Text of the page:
The night before was stormy and very windy, unusual for Hawaii, where I lived at the time. I woke up several times that night disappointed because I thought the flight would have to be cancelled. Luckily when the sun rose above the mountains the sky was clear and the wind was gone. I rode my motorcycle to the hanger, on the south side of the airport, where I was meeting Scott my CFI. We walked out the backside of the hanger to a row of tie downs. Nestled between some twins was the airplane we would be flying, a 1998 Cessna Skyhawk 172, N9512F. Scott showed me the checklist and we walked around a pre-flighted the plane. The plane seemed so simple. Cables that activate the control surfaces and a small four cylinder engine turning a propeller. I had flown a lot in my life, but not in something that felt smaller than a car. We hopped in and completed the pre-flight. The Lycoming engine roared to life and the flight had begun.
Honolulu airport is very busy and exciting. Attached is Hickam Air Force Base, there are F-22’s, F-15’s, and C-17’s stationed here. We took off after a large FedEx DC-10 on the 4L runway. I had my hands on the yoke, but Scott took care of everything else. I was astounded by how easily the wheels lifted off the ground at 60 knots. The plane seemed to effortlessly gain altitude over the clear blue water of Oahu. I was nervous when I saw the speed at only 73 knots, surely planes needed to go faster than that to stay aloft?! Scott reassured me that was indeed all the airspeed that we needed. We headed east around the island. We flew past Waikiki and the Diamond Head Crater. It was the most amazing feeling in the world and it felt incredibly natural to control the plane. For the first time in my life I felt how solid air could actually be.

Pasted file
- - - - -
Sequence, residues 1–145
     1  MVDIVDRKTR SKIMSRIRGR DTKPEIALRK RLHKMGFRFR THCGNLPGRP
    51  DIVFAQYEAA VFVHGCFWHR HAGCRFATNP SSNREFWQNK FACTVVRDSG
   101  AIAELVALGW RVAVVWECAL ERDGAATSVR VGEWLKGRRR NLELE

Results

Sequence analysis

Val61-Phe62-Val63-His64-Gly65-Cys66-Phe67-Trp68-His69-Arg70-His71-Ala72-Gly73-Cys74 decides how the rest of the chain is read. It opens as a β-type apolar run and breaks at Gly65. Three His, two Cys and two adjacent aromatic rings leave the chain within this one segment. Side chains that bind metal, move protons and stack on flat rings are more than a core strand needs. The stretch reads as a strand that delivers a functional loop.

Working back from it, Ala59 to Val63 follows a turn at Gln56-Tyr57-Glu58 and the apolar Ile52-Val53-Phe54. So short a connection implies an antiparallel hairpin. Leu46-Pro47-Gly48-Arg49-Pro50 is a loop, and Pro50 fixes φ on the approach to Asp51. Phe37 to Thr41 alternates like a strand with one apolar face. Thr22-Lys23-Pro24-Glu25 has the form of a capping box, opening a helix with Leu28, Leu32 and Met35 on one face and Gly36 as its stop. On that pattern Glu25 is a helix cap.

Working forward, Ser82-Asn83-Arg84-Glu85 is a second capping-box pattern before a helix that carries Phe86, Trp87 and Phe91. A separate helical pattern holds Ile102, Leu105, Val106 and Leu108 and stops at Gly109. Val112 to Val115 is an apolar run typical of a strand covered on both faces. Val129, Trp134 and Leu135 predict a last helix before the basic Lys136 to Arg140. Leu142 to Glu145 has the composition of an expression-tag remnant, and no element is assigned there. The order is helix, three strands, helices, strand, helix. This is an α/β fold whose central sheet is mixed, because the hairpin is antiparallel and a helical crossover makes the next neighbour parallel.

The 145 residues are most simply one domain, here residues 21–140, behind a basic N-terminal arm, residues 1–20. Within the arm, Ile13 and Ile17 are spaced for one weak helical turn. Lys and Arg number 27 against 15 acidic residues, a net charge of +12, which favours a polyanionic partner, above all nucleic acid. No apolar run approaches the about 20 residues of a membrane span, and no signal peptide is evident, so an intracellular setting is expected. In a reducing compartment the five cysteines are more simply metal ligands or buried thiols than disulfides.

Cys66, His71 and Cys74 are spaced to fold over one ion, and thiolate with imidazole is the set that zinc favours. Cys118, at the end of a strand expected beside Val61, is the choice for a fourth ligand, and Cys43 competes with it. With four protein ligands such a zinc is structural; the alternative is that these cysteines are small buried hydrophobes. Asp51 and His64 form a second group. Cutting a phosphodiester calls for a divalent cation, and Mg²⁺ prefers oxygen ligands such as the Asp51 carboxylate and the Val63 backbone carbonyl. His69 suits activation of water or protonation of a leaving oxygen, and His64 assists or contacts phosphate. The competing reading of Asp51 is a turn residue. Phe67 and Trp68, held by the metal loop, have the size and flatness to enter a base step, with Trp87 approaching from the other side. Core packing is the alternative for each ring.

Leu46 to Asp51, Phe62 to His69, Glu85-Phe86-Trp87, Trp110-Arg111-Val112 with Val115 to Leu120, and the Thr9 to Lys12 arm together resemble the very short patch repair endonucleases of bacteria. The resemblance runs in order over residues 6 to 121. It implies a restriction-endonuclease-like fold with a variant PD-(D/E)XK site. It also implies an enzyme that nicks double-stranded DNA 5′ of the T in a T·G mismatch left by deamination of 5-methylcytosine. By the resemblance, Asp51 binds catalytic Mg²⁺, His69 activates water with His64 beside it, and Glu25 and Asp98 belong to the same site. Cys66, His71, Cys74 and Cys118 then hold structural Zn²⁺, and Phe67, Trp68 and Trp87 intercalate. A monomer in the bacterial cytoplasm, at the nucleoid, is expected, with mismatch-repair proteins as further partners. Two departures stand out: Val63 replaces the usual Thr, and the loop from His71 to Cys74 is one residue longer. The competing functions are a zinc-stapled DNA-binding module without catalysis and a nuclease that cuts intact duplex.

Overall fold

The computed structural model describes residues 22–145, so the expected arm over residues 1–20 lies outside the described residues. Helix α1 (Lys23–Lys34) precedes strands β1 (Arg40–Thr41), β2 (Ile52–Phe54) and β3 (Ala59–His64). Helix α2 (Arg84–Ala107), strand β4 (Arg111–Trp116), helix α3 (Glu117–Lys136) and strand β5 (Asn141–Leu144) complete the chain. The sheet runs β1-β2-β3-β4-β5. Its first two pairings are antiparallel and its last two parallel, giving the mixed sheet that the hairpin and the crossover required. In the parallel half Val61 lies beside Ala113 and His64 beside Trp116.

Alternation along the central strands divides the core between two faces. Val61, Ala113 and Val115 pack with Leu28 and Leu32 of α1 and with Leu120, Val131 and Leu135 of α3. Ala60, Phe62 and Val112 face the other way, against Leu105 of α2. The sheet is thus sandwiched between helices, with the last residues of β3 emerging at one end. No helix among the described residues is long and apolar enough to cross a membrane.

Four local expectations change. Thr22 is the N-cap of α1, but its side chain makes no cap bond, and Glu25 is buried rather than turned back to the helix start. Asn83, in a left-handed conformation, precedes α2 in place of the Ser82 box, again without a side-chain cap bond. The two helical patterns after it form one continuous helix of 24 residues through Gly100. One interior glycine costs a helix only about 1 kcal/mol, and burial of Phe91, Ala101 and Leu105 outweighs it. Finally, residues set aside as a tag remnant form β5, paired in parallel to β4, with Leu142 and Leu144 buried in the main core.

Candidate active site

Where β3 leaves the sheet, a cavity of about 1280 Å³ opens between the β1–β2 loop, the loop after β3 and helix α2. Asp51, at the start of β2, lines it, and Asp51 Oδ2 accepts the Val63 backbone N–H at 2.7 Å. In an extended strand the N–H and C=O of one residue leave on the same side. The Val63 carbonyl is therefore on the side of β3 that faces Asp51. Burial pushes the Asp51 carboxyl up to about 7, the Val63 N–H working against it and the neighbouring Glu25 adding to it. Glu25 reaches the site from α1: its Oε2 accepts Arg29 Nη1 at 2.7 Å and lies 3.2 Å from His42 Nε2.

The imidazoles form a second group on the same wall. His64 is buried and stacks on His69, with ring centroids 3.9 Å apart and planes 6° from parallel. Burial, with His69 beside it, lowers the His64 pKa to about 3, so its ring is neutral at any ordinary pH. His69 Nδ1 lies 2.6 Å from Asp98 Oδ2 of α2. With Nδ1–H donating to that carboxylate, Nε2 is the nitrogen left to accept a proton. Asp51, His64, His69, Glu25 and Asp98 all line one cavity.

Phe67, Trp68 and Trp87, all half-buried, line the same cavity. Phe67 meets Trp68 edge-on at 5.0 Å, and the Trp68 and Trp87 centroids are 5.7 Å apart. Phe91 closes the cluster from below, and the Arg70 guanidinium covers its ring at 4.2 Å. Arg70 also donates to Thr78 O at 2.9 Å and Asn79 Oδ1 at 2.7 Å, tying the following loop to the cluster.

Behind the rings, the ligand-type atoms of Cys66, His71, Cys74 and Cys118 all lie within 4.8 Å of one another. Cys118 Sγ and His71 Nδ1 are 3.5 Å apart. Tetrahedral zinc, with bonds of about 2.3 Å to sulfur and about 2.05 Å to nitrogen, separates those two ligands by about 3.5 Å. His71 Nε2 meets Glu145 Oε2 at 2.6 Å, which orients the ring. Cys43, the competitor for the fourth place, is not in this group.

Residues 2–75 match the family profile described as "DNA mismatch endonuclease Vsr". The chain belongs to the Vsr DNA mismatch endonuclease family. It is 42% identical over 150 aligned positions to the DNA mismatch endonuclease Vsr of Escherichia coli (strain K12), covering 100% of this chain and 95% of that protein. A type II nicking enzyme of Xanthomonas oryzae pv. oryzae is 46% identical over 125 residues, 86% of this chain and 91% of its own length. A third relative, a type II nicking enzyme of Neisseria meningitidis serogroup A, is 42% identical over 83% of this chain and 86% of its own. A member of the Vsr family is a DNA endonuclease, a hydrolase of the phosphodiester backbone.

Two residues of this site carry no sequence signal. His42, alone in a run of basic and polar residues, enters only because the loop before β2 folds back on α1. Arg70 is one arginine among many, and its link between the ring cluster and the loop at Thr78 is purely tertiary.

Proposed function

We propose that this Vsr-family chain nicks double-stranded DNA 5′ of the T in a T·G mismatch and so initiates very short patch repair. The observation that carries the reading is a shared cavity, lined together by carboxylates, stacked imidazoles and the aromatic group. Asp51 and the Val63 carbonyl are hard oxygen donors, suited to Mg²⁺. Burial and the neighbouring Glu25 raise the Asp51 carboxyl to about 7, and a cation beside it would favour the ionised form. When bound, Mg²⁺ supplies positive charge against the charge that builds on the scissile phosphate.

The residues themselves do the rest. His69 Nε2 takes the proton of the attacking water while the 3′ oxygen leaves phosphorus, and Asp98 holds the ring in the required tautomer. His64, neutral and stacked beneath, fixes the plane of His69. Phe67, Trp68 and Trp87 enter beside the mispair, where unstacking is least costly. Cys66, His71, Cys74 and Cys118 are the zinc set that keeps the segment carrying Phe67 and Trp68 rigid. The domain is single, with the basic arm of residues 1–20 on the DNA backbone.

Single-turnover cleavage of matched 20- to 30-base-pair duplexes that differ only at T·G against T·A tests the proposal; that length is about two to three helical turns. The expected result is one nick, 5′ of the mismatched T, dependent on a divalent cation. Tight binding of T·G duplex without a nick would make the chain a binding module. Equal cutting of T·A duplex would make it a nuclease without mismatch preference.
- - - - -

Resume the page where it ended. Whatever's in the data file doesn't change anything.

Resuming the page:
We decided to fly counter-clockwise around the island. The view from the Cessna was incredible; you get a perspective of the land, like none other. The weather was good and we were able to stay below all the clouds. When we flew by the Kaneohe Marine Corp Base we had a C-17 pass about 1000 feet underneath us on its way in to land. We also encountered several coast guard helicopters also cruising around the coastline. The radio calls that Scott were making sounded like gibberish to me, but I didn’t care. For the first time in my life I was controlling an aircraft and I felt at home. The flight took about an hour and we came back and landed on 4L. This flight got me truly interested in aviation and I never looked back.
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